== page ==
Repression And Mobilizationby Christian Davenport, Carol Mueller (Contribution by), Hank Johnston (Contribution by)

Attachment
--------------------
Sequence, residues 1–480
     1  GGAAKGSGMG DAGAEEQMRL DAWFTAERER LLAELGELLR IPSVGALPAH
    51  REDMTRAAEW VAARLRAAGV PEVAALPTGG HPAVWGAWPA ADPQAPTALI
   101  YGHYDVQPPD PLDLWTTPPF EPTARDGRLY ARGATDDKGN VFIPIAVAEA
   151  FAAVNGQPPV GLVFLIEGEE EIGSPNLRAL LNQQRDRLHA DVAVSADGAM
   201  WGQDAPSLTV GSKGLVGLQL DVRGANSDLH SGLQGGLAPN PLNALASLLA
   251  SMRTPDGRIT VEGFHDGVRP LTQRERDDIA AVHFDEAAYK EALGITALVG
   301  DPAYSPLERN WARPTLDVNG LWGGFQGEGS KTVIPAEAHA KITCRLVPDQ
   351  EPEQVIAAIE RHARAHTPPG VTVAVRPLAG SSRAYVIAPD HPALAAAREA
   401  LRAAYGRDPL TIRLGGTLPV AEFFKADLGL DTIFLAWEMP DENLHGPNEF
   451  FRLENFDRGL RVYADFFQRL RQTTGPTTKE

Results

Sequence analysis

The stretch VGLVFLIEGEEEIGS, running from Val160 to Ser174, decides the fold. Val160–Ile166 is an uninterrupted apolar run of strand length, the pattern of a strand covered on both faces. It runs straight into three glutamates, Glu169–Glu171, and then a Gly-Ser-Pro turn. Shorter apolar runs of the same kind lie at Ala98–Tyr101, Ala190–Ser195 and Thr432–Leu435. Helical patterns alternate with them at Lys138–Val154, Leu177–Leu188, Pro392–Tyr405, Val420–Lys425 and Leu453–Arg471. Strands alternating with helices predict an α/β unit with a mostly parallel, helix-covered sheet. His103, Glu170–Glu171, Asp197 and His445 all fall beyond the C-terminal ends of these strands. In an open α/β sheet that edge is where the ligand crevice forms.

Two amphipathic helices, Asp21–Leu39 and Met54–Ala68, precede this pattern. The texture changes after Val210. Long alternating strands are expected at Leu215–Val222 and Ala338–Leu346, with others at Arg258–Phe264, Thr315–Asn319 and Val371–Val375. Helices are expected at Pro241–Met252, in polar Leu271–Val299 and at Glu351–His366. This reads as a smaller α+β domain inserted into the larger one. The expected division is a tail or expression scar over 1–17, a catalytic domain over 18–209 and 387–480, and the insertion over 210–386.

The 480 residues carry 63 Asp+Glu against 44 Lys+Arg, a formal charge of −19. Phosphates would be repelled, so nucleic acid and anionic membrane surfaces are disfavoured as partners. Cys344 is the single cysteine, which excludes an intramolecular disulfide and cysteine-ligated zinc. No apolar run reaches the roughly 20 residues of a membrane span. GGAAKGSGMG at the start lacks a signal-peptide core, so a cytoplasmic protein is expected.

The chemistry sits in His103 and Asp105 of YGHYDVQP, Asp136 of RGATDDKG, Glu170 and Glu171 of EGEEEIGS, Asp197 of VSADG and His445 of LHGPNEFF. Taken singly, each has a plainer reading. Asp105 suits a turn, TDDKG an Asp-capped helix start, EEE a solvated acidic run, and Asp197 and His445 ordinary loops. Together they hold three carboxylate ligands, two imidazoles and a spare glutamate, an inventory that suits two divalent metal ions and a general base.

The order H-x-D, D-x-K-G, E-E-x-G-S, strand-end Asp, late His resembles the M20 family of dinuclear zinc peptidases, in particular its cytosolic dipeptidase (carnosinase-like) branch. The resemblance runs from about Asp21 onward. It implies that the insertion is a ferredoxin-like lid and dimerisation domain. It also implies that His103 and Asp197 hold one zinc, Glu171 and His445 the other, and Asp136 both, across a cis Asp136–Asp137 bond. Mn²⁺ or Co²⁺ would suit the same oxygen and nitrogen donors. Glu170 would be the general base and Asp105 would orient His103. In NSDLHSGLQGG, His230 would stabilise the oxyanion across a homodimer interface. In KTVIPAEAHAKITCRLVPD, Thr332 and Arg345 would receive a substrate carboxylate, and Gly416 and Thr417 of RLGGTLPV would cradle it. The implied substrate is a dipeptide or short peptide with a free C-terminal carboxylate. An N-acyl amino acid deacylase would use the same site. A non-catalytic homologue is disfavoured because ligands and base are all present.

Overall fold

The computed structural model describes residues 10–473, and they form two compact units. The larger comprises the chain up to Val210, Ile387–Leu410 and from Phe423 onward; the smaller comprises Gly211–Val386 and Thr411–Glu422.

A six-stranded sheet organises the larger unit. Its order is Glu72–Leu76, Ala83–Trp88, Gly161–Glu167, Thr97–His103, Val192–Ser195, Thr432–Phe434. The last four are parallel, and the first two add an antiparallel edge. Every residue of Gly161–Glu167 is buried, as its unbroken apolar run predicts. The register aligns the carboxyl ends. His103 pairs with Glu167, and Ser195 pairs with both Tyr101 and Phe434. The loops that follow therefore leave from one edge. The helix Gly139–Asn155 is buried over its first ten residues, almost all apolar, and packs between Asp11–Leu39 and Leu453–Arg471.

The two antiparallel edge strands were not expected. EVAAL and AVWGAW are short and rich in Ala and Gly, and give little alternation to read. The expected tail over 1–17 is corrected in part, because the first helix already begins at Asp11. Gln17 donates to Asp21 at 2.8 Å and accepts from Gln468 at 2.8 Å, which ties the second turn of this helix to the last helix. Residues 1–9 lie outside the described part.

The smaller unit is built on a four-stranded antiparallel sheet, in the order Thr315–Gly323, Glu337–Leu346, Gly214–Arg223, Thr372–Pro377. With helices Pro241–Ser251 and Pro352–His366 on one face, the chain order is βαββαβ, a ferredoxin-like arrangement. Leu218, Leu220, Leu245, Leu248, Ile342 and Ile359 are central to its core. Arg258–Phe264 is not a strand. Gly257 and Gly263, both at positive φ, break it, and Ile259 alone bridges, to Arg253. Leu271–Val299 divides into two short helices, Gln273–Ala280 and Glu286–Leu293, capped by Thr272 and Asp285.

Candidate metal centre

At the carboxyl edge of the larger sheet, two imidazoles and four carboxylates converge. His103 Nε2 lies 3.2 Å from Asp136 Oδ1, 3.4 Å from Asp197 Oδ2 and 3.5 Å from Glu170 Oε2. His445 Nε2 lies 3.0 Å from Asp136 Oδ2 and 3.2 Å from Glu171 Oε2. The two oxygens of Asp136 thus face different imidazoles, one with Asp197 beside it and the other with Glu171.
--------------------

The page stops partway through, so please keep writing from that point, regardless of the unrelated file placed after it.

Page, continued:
Recent events-from the collapse of Leninist regimes in Eastern Europe to the democratization of South Asian and South American states-have profoundly changed our ways of understanding and studying contentious politics, particularly the relationship between state repression and political mobilization.With case studies that range from Germany to the Philippines, the United States to Japan, Guatemala to China, the authors take up topics as varied as the dynamic interactions between protesters and policing agents, distinctions between "hard" and "soft" repression, the impact of media on our understanding of political contention, the timing and shape of protest and resistance cycles, and how measurements of social and geographic control influence states' responses to insurgencies. Together these essays synthesize what we know about repression and mobilization and provide thoughtful insight for the future. Contributors: Patrick Ball, Science and Human Rights Program of the American Association for the Advancement of Science; Vince Boudreau, City College of New York; Myra Marx Ferree, U of Wisconsin; Ronald A. Francisco, U of Kansas; Ruud Koopmans, Free U Amsterdam; Mark Lichbach, U of Maryland; John D. McCarthy, Pennsylvania State U; Clark McPhail, U of Illinois, Urbana-Champaign; Patricia Steinhoff, U of Hawaii; Charles Tilly, Columbia U; Gilda Zwerman, SUNY, Old Westbury. Christian Davenport is associate professor and director of the Radical Information Project at the University of Maryland. Hank Johnston is a lecturer in the Department of Sociology at San Diego State University. Carol Mueller is professor of sociology in the Department of Social and Behavioral Sciences at Arizona State University West.
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